‘On Our Way Back:’ Comal ISD Explains the New Normal for Students Returning After Freeze
School won’t be the same for some Comal ISD students returning to school Tuesday.
Specht Elementary sustained severe water damage during last week’s freeze. Beginning Thursday, students will be temporarily relocated to four other schools while the district repairs damages.
Several other schools also sustained damage to their HVAC units, gym floors and individual classrooms.
“While some will be resolved quickly, others may take some time to complete the repairs needed,” Superintendent Andrew Kim said in an email to parents. “Rest assured, our maintenance team has done an outstanding job at each school managing electric, plumbing, technology and other sytems to make sure our schools are safe and ready for teachers tomorrow.”
Schools still under a boil-water notice from Canyon Lake Water Service Company (CLWSC) and San Antonio Water System (SAWS) include Smithson Valley High School, Canyon Lake High School, Davenport High School, Smithson Valley Middle School, Spring Branch Middle School, Mountain Valley Middle School, Pieper Ranch Middle School, Rahe Bulverde Elementary School, Startzville Elementary School, Bill Brown Elementary School, Arlon Seay Elementary School, Rebecca Creek Elementary School, Mountain Valley Elementary School, Indian Springs Elementary School, Kinder Ranch Elementary School, and Timberwood Park Elementary School.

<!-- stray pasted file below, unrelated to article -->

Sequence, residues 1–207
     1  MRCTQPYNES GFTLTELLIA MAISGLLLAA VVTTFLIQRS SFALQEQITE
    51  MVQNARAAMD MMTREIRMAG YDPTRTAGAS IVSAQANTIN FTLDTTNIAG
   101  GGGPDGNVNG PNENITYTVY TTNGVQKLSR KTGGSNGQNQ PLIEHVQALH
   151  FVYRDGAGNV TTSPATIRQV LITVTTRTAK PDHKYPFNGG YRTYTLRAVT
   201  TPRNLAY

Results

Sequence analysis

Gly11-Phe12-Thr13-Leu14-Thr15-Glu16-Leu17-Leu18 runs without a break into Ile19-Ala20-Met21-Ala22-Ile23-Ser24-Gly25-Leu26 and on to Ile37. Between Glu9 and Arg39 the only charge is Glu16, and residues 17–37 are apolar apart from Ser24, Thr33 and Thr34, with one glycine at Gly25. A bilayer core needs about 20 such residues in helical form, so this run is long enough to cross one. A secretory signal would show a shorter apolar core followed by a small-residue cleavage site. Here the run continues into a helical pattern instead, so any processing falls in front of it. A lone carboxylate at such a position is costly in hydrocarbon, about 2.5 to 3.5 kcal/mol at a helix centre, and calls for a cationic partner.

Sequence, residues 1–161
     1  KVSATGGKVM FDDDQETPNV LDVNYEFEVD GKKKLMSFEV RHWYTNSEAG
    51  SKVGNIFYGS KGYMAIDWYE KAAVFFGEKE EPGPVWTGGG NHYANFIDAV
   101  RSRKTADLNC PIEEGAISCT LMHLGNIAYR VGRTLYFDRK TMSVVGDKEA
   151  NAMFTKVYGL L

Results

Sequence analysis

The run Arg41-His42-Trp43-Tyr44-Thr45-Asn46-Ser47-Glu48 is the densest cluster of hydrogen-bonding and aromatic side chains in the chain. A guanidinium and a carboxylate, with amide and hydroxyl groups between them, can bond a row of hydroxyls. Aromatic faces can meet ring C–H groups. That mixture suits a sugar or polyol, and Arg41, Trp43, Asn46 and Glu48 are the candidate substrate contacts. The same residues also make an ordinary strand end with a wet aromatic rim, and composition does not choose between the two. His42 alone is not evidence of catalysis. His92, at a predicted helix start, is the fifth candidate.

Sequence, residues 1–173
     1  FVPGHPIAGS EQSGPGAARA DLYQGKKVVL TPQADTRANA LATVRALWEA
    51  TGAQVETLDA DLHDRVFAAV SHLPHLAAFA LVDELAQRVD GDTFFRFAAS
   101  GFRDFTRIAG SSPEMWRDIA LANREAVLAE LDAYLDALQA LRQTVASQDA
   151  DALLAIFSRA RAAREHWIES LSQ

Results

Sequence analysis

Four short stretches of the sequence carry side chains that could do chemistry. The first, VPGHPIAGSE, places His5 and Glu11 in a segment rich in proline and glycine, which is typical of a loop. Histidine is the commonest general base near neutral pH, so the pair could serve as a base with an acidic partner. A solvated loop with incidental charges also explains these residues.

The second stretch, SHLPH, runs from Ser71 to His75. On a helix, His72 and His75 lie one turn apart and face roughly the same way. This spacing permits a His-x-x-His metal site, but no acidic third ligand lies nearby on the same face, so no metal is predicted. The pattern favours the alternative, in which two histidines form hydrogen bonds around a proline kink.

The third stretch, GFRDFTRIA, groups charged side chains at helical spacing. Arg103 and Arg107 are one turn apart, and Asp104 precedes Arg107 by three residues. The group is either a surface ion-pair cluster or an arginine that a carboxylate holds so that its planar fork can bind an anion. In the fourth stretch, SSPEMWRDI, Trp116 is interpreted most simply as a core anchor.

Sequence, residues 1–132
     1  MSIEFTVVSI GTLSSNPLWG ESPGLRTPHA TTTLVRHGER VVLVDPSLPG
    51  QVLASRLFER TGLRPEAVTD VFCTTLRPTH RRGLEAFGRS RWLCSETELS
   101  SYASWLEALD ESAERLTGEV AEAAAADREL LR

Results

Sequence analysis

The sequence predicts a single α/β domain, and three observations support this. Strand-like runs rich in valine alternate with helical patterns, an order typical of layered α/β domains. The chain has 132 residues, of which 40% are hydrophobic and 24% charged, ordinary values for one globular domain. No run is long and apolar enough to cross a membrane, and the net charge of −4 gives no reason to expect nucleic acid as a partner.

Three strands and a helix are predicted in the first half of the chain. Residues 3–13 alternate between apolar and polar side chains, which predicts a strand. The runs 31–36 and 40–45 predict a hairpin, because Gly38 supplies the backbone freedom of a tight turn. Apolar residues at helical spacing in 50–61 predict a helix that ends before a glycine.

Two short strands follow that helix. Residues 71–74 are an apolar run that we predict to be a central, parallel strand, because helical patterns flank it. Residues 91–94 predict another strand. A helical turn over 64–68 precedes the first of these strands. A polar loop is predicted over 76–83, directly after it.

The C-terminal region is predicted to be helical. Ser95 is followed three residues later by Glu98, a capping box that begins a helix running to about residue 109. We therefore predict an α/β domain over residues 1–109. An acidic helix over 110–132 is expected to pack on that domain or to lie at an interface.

These campuses will not have safe drinking water at filling stations until later this week.
Kim said there is water for restrooms and similar needs, but Comal ISD will deliver pallets of bottled drinking water to campuses under the advisory.
He urged parents to send their children to school with water bottles, if possible.
Cafeterias are operating and staff are closely following procedures for the safe use of water in preparing free breakfast and lunch items.
Teachers spent today preparing classrooms for the return of students who spent much of the last week hunkered down in homes without electricity of power.
“After the longer than expected winter break, we know students will need some time to readjust to daily academic rigors,” Kim said. “I have asked teachers to be patient and flexible with their students as we transition back to a normal schedule.
“While academic progress is important, your student’s health and safety are our top priorities,” he said. “If your family is still challenged by issues created by last week’s winter event, let your principal know. I do not want your child’s grades or attendance to suffer because of a lack of water, electricity or another issue…I thank you for your patience as we work to overcome yet another obstacle in your child’s eduction. We have a strong and supportive community, so I know we will succeed and be ready for the next challenge.”